Now the USSR was clearly a different place in 1960 than it was in 1930. But it was subject to the same distortions as it was earlier. Politics trumped science. No matter how cogent the strategies put forward by software engineers, they were likely to be superseded by the feudal-like social relations that existed under Stalinism, with a King at the top—the General Secretary of the CP—and all the fiefdoms underneath him run by factory managers. Socialism is not just about planning. It is about workers control. Without thoroughgoing democracy that is fed by initiatives by those who produce the wealth of society, it is very difficult to use scientific methods to create “plenty”. The implied message of “Red Plenty” is that since democratic socialism is impossible, you might as well live with market relations and all the shit that goes along with it, well on display in his own country and the rest of Europe today.

In the 1980s I was president of the board of Tecnica, a kind of radical Peace Corps that sent programmers and engineers to Nicaragua to volunteer their skills. While Nicaragua was not socialist, it was committed to planning on a large scale. Our organization reported to Carl Oquist who was Daniel Ortega’s chief economics adviser. But no matter how many volunteers we sent, including some very capable people from Bell Labs and other blue-chip American firms, and no matter how many Nicaraguans we trained in the use of spreadsheets and database management systems, it could never compensate for a contra war that was draining the country economically.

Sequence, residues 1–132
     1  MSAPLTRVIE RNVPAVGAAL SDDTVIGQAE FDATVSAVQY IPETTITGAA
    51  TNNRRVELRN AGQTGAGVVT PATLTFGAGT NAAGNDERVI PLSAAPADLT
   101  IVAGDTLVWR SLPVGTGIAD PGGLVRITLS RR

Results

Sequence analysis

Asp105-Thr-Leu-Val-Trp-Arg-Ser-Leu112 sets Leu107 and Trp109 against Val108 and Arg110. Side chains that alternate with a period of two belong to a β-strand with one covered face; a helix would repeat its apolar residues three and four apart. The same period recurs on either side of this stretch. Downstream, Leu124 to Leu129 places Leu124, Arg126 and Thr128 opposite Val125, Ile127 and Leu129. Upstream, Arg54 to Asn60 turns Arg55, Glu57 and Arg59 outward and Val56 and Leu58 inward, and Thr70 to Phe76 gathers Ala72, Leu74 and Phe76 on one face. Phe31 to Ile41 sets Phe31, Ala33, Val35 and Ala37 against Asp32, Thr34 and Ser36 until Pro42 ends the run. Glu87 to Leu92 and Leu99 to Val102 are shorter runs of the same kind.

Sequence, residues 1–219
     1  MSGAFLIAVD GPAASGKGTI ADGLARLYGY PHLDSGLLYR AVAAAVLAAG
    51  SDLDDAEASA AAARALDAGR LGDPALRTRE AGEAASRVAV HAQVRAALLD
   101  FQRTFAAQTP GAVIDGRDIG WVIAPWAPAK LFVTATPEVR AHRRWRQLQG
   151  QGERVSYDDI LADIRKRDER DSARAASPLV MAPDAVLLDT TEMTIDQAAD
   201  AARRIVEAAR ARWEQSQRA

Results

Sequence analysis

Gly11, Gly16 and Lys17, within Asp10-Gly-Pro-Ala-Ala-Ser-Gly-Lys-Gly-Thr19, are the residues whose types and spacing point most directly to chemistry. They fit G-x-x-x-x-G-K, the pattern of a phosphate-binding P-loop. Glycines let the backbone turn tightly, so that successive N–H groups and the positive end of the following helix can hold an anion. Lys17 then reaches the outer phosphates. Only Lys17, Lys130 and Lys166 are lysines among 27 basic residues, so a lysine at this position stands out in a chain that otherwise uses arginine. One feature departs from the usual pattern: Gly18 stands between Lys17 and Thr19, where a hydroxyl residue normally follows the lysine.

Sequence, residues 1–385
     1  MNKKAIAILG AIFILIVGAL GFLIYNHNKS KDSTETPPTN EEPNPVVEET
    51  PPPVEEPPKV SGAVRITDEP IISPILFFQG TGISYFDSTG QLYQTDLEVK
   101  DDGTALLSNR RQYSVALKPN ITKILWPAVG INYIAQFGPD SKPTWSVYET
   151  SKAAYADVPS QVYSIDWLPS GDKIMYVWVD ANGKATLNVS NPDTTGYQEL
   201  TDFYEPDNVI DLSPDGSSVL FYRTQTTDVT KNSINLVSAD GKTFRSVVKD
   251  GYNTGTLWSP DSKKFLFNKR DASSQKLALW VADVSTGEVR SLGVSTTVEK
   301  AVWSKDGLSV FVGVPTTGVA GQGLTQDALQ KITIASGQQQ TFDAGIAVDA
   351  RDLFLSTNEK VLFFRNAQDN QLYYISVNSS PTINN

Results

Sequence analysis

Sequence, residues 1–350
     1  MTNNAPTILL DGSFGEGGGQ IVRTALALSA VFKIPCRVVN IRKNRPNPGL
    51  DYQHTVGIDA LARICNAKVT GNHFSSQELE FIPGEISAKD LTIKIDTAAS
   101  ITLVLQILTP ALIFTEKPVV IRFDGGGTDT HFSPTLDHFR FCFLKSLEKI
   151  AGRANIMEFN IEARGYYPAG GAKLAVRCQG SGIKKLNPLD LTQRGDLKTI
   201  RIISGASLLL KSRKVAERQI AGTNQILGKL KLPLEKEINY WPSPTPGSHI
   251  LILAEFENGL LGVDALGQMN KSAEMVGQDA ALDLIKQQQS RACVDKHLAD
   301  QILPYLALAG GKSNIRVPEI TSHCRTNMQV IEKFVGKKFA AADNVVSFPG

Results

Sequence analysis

Missing from “Red Plenty” is any engagement with the costs of war on economic development in the USSR. Spufford has no use for Stalin but does not explain how the Soviet people ended up with him. A contra war that ensued after the Bolsheviks took power resulted in the deaths of many of the most democratically minded and politically educated worker cadres who made the revolution. A political vacuum and the country’s inherited backwardness made it all the more easy for a despot like Stalin to take power and build a “socialism” that had much more in common with the primitive accumulation stage of capitalism than the Marxist beliefs of those who were shot down by American and British rifles in 1919.

In an interview with the Browser, Spufford is asked whether he agrees with the thesis of Yuri Slezkine’s “The Jewish Century”, namely that “in the 1920s and 30s the Soviet Union was a brilliantly successful state for Jews.”

While admitting that some aspects of the book are “undeniable”, he repeats the catechism of the professional anti-Communist:

But communism is a bit embarrassing now. It is getting hard to get people to own up to the fact that once upon a time they thought it was sensible. It was part of the centre of gravity of the 20th century. What I agree with about it is that it brings an aspect of the 20th century into view. One of the hardest things for us to remember about Stalinism is that as well as being a system of horrors it also represented modernity and social mobility and opportunity for lots of people. In a horribly straightforward way the great purges opened up an incredible number of jobs, as we saw with Khrushchev, who is a fine example of Russia being a land of opportunity built on numerous graves.